Category Archives: religion

Return of Hindutva: A Challenge for Secularism

Guest Post by Gargi Chakravartty

BOOK REVIEW

Hindutva’s Second Coming by Subhash Gatade; published by Media House, Delhi; 2019; pages: 272; Rs 395 (US $ 18).

The return of Modi to power with a huge margin in this 2019 election is a clear verdict for the Hindutva plank. Why and how it happened leave us, the secular billions, to ponder about the reality and its aftermath. And at that juncture Subhas Gatade’s 272-page analysis titled ‘Hindutva’s Second Coming’ gives us something concrete to think over once again. This in-depth study with rich academic perception is a commendable work, bereft of jargons and convoluted expressions, often found in books written from a high pedestal which goes beyond the mental reach of lay readers. Precisely for this reason the author needs to be specially acclaimed for bringing out facts at one place based on notes and references which are so far scattered in divergent historical materials. It serves as a Reader for millions who are combating communalism and distortion of history at the grassroot level.

( Read the full text here : http://www.mainstreamweekly.net/article8847.html)

Against Aachaaram: A Dossier from Malayalam – Announcement

This is to announce a new series of postings I will be doing, relating to aachaaram in Kerala.

Aachaaram is loosely translated as ‘customary practices’ or ‘customary rituals’, but in 19th century Malayali society, it referred to a massive, inter-connected, all-pervading web of practices, rituals, and ideas which bolstered the domination of the upper-castes — in Kerala’s context, this meant the Brahmin-sudra nexus — over the lower castes. It touched the most intimate and personal aspects of a person’s life; through it,  the allegiances and the labour of lower caste communities were extracted to benefit the upper castes. The lower-caste assertions of the late 19th and early 20th centuries here, through which modern democracy became a possibility at all, were directed against this web. Aachaaram, however, survived this phase through shrinking its spatial presence to savarna homes and temples; later, after the re-consolidation of brahmin-sudra power, towards the end of the 20th century, the rise of spiritual capitalism had led to aacharam’s resurrection as the vehicle of gendered savarna power — and as the provider of opening gambits for the Hindu fundamentalists — in Kerala .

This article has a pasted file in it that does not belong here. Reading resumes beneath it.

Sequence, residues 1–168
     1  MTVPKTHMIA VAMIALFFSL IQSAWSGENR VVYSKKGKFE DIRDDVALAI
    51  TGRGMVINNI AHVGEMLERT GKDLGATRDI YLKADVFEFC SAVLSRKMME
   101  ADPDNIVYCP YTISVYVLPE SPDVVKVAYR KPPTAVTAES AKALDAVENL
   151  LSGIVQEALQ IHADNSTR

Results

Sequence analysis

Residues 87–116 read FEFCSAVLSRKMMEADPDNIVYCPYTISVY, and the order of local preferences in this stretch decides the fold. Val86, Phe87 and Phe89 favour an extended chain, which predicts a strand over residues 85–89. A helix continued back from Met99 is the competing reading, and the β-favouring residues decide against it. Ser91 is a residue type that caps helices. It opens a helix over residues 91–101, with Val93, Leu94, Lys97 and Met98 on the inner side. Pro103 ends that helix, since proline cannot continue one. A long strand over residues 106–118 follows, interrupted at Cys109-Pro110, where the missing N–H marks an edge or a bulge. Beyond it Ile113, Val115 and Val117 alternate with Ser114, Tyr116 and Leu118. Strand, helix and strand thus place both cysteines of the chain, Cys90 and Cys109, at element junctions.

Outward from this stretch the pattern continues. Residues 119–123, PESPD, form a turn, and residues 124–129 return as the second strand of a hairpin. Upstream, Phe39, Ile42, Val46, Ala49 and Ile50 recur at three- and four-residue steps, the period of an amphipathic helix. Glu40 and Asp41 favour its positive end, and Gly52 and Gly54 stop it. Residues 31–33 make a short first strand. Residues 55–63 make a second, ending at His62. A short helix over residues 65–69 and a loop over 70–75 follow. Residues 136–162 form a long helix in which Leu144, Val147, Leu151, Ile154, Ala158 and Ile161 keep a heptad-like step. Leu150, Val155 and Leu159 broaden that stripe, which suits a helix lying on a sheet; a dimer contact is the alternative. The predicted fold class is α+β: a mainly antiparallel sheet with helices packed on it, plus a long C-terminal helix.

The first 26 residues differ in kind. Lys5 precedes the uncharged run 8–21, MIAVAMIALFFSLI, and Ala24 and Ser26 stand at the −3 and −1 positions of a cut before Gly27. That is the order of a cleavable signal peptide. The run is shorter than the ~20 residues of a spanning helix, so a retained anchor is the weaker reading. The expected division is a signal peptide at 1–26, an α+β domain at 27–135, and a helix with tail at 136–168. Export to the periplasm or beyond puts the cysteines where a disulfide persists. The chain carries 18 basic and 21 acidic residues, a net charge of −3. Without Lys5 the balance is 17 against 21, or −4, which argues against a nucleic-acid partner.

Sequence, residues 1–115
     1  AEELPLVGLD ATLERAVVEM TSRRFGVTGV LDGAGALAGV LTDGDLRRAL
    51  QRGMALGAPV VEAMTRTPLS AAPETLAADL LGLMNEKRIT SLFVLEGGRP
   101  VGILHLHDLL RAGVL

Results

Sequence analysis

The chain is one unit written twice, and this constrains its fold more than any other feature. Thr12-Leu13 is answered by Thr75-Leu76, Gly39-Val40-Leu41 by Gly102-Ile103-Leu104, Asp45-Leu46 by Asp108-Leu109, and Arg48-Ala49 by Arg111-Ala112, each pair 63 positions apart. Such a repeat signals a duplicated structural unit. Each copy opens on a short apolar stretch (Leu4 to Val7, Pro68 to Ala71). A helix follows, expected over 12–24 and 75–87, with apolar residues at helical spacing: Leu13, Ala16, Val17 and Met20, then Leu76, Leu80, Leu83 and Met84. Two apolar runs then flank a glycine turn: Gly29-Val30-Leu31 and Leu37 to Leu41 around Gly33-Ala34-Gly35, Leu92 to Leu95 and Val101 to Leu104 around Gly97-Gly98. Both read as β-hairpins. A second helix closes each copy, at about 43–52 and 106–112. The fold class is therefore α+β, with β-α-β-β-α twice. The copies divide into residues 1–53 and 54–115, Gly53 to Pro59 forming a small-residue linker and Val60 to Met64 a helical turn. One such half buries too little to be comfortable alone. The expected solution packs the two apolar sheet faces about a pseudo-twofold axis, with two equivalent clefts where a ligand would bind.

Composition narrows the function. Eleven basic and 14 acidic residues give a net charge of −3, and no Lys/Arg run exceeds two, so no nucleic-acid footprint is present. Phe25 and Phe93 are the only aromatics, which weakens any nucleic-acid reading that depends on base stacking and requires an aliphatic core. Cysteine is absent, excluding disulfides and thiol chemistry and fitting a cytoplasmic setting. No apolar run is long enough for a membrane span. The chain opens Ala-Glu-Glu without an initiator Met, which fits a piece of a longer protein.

In this series, I will post translations of selections/excerpts from the writings of the critics of aachaaram from early 20th century Kerala, with short reflections on each for the present. The many different readings of Hinduism that arose in that period when the Brahmin-sudra nexus was thrown into confusion, as well as the many different dreams of social liberation from different parts of the world that entered Malayali society then — from C Krishnan’s Buddhism to Marxism — produced powerful critical exposures that revealed aachaaram to be nothing but a vehicle and instrument of the power of certain groups over others. The effort made by these voices to point to the danger that it posed to a dream of a just society was largely ignored by the mainstream, especially the mainstream left.

The first of these is an excerpt from a conversation between the well-known social revolutionary, the avarna-born seer, spiritual leader, and philosopher, Srinarayana Guru and his disciples in which the annual pilgrimage to Sivagiri was planned, which I will post separately.

 

How Many More ‘Halal’ Ponzi Schemes?

It is important to note that the very idea of Islamic banking and promoting it as a parallel to conventional banking – which is being portrayed as un-Islamic – and which has caught the imagination of a section of god-fearing Muslims, is a clear manifestation of shifts in Muslim politics over the world.

'Halal' Ponzi Schemes

Image for representational use only.Image Courtesy : Business Today

Afzal Pasha, a 55-year-old labourer, is dead. He died of a heart attack a few days back.